Investors driving real estate recoveryPosted: Updated:
PHOENIX – The quick flip used to be the hallmark of home investors, but in a market crowded with foreclosures and families who don’t have the credit or money to buy there is now a new trend in investing that could be a good deal for those families who are facing foreclosure and don’t want to move.
Chris Eymann, with SellWholesaleHouses.com, has been buying foreclosures at auction since 1999. He said lately things have changed. Now instead of buying to flip, investors are buying to rent.
“They buy and hold and get 12 to 14 percent return and hopefully get a big capital gain in the next couple years,” Eymann said.
Nathan Kalas and his family consider their Anthem house a home and are hoping an investor will come along to assist them in staying.
“As long as we meet the requirements of our agreement, we get to stay in it and when the time comes, we buy it and the investor's out of it,” Kalas said. “They've gotten their profit and we've gotten our home.”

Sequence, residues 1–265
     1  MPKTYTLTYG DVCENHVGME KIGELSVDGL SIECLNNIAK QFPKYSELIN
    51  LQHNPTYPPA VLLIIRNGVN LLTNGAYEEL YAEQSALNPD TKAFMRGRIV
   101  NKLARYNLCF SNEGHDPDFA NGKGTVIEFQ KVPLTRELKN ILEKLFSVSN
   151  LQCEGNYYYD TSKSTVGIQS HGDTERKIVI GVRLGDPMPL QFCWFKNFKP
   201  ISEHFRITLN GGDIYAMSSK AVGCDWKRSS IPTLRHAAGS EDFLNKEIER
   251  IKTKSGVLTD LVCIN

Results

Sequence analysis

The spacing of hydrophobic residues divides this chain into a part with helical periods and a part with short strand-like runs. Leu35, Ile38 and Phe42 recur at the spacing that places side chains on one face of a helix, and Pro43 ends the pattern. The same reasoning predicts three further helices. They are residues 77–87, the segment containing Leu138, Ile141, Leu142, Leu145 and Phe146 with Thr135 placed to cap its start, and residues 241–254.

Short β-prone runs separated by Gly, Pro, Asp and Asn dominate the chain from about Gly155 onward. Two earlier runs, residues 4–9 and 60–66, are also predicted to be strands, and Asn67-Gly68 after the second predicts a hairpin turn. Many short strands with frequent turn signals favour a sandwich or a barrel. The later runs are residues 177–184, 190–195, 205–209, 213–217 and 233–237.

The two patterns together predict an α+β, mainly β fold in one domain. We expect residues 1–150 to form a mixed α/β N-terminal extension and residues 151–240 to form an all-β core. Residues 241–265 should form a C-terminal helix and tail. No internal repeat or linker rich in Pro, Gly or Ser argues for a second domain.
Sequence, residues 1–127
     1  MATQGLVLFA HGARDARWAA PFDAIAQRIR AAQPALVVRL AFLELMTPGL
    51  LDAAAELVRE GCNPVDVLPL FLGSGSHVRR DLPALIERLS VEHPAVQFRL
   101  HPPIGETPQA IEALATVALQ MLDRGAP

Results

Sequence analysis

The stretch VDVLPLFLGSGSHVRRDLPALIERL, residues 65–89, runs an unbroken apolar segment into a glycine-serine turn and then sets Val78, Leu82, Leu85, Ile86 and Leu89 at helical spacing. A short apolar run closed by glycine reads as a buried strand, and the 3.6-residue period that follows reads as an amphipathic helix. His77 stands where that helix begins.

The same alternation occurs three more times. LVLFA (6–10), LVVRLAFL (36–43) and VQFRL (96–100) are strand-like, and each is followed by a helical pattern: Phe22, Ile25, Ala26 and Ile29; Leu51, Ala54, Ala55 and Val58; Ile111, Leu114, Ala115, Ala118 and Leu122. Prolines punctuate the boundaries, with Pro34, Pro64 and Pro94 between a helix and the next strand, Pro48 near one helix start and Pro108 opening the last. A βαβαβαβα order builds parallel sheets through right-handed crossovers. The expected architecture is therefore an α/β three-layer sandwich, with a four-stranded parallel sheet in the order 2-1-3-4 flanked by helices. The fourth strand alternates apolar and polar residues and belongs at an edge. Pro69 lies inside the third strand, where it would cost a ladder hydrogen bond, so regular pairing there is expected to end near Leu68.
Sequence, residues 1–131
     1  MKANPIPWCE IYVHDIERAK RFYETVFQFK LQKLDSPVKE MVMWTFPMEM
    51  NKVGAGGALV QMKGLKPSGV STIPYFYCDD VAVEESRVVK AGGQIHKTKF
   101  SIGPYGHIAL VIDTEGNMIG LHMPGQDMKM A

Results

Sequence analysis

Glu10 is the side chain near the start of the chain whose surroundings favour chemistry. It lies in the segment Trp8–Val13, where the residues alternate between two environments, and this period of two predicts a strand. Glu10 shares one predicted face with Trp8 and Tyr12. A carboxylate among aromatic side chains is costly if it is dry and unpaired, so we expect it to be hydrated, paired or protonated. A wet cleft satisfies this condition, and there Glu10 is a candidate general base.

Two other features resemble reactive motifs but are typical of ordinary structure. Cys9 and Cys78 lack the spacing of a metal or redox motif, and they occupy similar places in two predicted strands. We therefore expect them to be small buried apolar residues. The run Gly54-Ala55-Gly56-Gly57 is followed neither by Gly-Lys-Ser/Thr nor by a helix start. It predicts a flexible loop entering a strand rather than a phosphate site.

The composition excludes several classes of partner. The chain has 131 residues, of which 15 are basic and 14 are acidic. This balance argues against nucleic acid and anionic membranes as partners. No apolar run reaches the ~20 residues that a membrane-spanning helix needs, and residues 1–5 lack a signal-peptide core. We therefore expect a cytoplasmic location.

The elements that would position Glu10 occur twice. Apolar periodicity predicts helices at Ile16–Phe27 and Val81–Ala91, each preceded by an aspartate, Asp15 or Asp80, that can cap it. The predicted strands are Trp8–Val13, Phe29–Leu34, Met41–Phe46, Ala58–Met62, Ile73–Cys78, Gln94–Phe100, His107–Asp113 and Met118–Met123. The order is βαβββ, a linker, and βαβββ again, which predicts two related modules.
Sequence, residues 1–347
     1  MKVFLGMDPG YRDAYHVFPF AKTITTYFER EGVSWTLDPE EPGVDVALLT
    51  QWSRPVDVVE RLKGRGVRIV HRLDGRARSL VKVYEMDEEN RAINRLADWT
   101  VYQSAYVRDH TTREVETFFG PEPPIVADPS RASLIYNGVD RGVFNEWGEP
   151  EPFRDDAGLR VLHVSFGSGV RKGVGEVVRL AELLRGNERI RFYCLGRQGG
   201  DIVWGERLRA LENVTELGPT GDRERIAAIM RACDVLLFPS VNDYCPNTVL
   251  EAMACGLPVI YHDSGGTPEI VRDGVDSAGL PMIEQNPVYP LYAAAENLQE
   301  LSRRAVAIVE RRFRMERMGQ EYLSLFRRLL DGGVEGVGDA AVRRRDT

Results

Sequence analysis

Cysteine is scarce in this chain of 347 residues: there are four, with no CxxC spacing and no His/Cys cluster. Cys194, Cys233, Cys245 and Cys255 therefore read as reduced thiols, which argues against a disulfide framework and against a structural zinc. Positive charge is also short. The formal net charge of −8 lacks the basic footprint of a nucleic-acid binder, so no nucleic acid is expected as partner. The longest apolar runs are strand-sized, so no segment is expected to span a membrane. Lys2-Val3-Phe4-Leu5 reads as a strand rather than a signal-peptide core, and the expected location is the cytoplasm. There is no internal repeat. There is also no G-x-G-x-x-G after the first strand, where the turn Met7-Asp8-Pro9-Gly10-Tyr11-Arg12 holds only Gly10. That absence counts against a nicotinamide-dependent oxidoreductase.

Kalas called it a win-win situation.
Kalas is working with Tiffany Young with RE/MAX Fine Properties. She said during this recession her role as a real estate agent has evolved.
“Most of the time now I'm matching investors with people who want to keep their homes,” Young said.
She said often the investor and renter will have a deed for contract.
“A contract between the investor buying and the homeowner or tenant and they can write off the interest like they are paying a mortgage,” Young said.
Eymann said it happens all the time.
“The investor buys and leases to them as they repair their credit and get back on their feet then they have the option to go back to the investor and buy the house back from them,” he said.
While some investors still buy to flip, most buy to rent and plan to sell once the market bounces back.
Regardless, Eymann said this trend is making a difference.
“As they eat up the inventory and the inventory shrinks, prices will increase and it will drive our market back up,” he said.